Instead, “running with a light touch” is a lot like what the ancients meant by practical wisdom (phonesis; prudentia). As I plan to articulate in a future blog post, the ability or “know how” to live–or to run–with a “light touch” is analogous to driving with a good set of shock absorbers. Shock absorbers which can respond to the bumps and potholes of life. Phronesis is the wisdom to know that sometimes the truths of theory (epistemescientia) don’t link up, don’t precisely “map onto” the rough-and-tumble of life completely smoothly and  without remainder.

Hence, we must run and travel and live “with a light touch,” trusting in God and holding our theory / plans / knowledge very loosely as we travel down the road of life, as wayfarers in transit to our final destination which is God.

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Posted on: November 3rd, 2011 Becoming Like Jesus (Renovare & Spiritual Formation)

Note: this article is also on the Epiphany Tyler website.

Do you desire to be more holy? Do you have a longing to be more like Jesus?

My wife Bouquet is from a land locked country (Laos). I myself grew up in the Texas Panhandle, a region about as remote from the life of sea and sailing as I can possibly imagine. Therefore neither my wife nor I have much experience at all in sailing (although the idea of sailing quite intrigues me!).

When Canon John Newton (our Diocesan Canon for Lifelong Spiritual Formation) was at our parish a few weeks ago, he used an excellent analogy to describe the life of the Christian. He likened our spiritual life to sailing on the open sea. No matter how hard the captain of a vessel wishes that the wind would blow, there is absolutely nothing he can do to make it blow. So what does he do? The only thing he can do is to put of the sails, and create the right conditions for wind-propelled motion.

In the same way, Canon Newton reminded us, in our spiritual lives, we cannot force the Holy Spirit to do his work of transformation in our lives, changing us into the likeness of Christ. Rather all we can do is to “put up our sails” and let the Spirit blow. After all, it is the nature of the open sea for the wind to be blowing. It happens naturally, organically.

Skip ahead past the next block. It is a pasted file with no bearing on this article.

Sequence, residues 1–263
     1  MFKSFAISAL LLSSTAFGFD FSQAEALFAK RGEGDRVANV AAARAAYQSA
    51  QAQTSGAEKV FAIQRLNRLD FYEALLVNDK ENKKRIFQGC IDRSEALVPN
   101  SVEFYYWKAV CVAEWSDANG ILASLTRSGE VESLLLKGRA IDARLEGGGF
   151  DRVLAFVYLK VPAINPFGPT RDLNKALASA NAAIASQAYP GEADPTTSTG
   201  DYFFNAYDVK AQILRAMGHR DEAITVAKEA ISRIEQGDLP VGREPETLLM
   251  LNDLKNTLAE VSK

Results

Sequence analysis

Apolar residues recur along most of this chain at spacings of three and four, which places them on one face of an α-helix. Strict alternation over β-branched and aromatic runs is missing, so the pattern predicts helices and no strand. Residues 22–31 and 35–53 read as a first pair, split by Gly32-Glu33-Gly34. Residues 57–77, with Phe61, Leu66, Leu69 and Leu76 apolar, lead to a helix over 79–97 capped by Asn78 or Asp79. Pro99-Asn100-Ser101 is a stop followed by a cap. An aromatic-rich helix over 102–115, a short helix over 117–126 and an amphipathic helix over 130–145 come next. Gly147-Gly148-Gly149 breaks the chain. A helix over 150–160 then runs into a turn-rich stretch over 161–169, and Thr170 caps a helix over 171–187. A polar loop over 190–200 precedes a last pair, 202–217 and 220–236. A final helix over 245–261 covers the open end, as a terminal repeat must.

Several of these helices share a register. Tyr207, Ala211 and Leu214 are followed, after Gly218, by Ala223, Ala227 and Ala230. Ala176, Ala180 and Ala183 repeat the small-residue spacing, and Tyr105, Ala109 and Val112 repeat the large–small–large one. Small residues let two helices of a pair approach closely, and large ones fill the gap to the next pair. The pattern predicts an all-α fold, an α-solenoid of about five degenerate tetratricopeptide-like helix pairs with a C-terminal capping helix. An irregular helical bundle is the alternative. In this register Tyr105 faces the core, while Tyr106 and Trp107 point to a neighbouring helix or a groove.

Now, of all the amazing speakers I heard at our diocesan clergy conference last week, none was more thought provoking, none more deeply encouraging, than Christopher Webb. Chris, the President of Renovare, spoke to us of the “means of grace.” After, all, in our office of Morning Prayer, we read “We bless thee for … the redemption of the world … the means of grace, and the hope of glory.”

What are these “means of grace?” Much like the action of “putting up our sails,” when we practice the means of grace (prayer, bible study, fellowship, worship, and various other disciplines) the wind of God, the breath of God, begins to move in our lives.

Webb clarified: “The means of grace are not disciplines that make us into more holy people. They are disciplines or practices that make our lives as open possible to the grace of God, so that we can stop trying to make ourselves into more holy people, and let God do it instead.”

Such is the deep, rich, practical theology behind spiritual formation. Would you like more of this? I have two invitations for you.

    1. Consider joining a Christ Church neighborhood group in the Spring. In those groups we will be going though the book of one of Chris Webb’s colleagues at Renovare: The Good and Beautiful God by James Bryan Smith. These books are packed with wisdom and practical steps to make us more like Jesus. When read in community … sit back, and feel the Spirit blow.
    2. Consider attending (and bringing a friend or two!) my Christian Formation class on Sunday, November 13. The title of this event is  “Christian Spiritual Formation: Becoming Apprentices of Jesus – A Conversation with Fr. Matt and Lyle SmithGraybeal, the coordinator of Renovare, on small groups and the theology behindThe Good & Beautiful book series by James Bryan Smith.”

 

“Becoming Apprentices of Jesus.” This is what we are about at Christ Church, under the leadership of our Bishop and our Rector.

Our Sunday morning classes, our emerging small group ministry, our worship, our prayer, our fellowship … transformative means of grace which allow the Spirit “naturally” to blow through our lives!